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Tindall v. First Solar, Inc.

ELR Citation: 48 ELR 20101
Nos. 17-15185, (9th Cir., 06/13/2018)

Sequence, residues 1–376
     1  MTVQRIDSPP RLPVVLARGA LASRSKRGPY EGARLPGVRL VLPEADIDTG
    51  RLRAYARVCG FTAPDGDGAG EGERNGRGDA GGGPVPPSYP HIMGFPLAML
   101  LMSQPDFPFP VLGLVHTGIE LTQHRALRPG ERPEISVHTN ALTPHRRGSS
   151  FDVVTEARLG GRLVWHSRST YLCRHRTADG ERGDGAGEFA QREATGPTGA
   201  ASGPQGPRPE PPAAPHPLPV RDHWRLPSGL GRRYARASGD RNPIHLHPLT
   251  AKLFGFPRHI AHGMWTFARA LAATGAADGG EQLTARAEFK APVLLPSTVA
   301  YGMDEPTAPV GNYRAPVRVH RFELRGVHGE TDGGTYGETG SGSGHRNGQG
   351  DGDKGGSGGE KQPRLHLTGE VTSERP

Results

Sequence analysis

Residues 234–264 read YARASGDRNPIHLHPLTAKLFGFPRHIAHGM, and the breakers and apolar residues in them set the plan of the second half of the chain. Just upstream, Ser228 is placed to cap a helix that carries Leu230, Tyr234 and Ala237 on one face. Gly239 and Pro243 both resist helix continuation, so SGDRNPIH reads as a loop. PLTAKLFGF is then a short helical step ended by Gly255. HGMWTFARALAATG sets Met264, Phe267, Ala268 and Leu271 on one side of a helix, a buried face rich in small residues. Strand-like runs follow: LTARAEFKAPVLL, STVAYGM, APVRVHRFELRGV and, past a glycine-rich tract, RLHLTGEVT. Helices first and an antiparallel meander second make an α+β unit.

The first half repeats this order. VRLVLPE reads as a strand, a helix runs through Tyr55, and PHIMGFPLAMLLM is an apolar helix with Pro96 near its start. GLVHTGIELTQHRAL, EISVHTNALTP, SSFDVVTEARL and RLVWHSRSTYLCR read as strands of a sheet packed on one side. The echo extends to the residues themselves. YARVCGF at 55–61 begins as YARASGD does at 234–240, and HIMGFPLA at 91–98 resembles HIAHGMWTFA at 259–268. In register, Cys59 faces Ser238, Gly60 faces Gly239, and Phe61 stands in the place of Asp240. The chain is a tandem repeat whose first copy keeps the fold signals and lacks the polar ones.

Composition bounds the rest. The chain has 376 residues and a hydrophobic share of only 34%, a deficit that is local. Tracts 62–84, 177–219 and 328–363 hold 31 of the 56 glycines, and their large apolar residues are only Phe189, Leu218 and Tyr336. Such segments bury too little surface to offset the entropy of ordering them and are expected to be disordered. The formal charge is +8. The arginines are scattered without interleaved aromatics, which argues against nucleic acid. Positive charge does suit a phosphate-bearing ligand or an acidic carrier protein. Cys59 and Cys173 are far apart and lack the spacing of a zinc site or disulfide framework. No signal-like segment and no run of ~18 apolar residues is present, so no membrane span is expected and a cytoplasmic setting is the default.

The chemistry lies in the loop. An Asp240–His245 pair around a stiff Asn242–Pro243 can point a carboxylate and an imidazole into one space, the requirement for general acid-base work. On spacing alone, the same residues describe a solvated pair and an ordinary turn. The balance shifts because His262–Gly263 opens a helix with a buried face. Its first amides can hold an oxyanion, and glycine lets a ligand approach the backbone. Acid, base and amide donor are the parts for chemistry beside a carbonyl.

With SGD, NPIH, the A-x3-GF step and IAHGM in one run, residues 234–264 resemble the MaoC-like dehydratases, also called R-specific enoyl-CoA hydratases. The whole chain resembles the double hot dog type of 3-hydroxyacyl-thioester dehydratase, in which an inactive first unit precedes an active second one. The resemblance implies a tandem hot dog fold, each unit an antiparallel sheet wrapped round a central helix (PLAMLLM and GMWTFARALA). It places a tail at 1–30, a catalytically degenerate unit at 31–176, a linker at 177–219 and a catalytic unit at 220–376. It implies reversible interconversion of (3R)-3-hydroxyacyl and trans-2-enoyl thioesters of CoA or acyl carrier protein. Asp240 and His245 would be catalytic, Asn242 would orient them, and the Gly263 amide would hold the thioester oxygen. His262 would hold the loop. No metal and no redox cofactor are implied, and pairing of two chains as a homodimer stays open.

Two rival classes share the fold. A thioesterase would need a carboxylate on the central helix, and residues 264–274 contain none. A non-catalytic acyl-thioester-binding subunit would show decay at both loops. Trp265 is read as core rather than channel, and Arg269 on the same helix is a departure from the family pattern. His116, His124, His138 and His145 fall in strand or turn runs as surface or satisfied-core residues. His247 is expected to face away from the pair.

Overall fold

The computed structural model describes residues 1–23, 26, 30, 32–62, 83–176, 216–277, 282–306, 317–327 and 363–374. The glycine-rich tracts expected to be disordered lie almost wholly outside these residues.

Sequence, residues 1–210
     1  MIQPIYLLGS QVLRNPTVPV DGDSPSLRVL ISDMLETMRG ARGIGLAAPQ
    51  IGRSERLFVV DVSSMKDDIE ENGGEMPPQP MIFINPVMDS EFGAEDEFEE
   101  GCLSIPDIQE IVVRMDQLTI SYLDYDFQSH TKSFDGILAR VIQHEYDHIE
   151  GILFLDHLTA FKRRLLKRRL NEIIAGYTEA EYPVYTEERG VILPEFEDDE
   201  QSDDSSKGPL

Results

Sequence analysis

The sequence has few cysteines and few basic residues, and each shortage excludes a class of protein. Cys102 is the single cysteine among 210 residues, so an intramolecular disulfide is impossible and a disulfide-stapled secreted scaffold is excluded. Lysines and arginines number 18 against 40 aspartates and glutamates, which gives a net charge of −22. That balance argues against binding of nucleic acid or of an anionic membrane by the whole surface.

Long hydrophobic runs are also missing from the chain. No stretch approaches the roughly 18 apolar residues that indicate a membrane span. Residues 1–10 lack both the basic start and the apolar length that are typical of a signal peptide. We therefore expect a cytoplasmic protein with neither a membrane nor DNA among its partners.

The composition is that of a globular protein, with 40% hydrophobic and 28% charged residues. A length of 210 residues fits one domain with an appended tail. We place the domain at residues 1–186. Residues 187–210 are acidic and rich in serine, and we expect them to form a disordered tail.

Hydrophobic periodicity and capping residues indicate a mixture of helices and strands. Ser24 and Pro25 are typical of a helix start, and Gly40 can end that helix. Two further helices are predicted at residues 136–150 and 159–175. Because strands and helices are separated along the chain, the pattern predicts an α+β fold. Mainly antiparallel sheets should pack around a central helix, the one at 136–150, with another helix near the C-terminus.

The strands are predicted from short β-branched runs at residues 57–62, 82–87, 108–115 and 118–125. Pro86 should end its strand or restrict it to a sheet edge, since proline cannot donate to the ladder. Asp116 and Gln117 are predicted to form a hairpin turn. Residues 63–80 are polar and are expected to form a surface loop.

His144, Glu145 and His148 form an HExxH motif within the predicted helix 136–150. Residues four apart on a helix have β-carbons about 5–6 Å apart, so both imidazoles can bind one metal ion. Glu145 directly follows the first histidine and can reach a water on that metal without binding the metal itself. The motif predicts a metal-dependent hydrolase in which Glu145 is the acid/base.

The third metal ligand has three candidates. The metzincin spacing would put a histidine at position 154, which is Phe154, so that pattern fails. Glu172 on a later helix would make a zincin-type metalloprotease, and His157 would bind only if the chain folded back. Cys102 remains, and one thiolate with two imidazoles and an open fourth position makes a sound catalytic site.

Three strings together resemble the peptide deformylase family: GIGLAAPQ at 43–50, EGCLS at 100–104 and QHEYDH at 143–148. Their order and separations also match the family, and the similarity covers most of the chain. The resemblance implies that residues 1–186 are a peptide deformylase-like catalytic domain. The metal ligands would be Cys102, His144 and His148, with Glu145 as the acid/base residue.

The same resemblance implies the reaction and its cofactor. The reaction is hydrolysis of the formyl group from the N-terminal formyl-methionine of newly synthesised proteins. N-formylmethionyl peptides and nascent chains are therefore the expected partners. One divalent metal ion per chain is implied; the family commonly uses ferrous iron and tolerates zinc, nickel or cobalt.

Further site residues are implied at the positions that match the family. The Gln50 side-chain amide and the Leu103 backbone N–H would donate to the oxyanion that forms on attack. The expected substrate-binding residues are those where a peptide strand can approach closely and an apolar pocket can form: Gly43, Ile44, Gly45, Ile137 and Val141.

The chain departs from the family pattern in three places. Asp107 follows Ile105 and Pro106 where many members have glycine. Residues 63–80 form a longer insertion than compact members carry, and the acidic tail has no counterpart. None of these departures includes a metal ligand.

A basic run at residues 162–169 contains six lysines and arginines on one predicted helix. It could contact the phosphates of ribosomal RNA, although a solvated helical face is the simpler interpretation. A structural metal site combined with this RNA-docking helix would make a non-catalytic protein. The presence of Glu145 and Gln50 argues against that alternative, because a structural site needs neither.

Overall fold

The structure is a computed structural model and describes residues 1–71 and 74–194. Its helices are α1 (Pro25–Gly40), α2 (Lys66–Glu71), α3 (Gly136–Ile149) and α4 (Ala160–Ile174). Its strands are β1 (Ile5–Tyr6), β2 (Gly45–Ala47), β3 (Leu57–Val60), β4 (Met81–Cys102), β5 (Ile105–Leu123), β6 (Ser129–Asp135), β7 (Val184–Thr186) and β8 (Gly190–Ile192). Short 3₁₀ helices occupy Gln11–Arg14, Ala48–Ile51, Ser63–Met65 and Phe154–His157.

The Ninth Circuit upheld the dismissal of shareholders' derivative action against a solar panel company for failing to disclose in financial statements and press releases the existence of manufacturing and design defects. The shareholders alleged that the officers and directors of the company breached their fiduciary duties in failing to make the disclosures. A derivative action requires the shareholder to make a litigation demand on the company's board of directors. If no demand is made, it must then show demand futility. Here, the shareholders made no litigation demand, and applying Delaware law, the court held that the shareholders failed to show demand futility. One of the tests used to demonstrate futility—the Aronson test—does not apply here because it is limited to board business decisions, involving judgments by the board as to whether to enter into a course of conduct. By contrast, financial statements and press releases provide a snapshot of past conduct, and reflect business judgments already made. And the shareholders conceded that the other test—the Rales test—does not excuse demand under the facts of this case. The lower court, therefore, properly dismissed the case.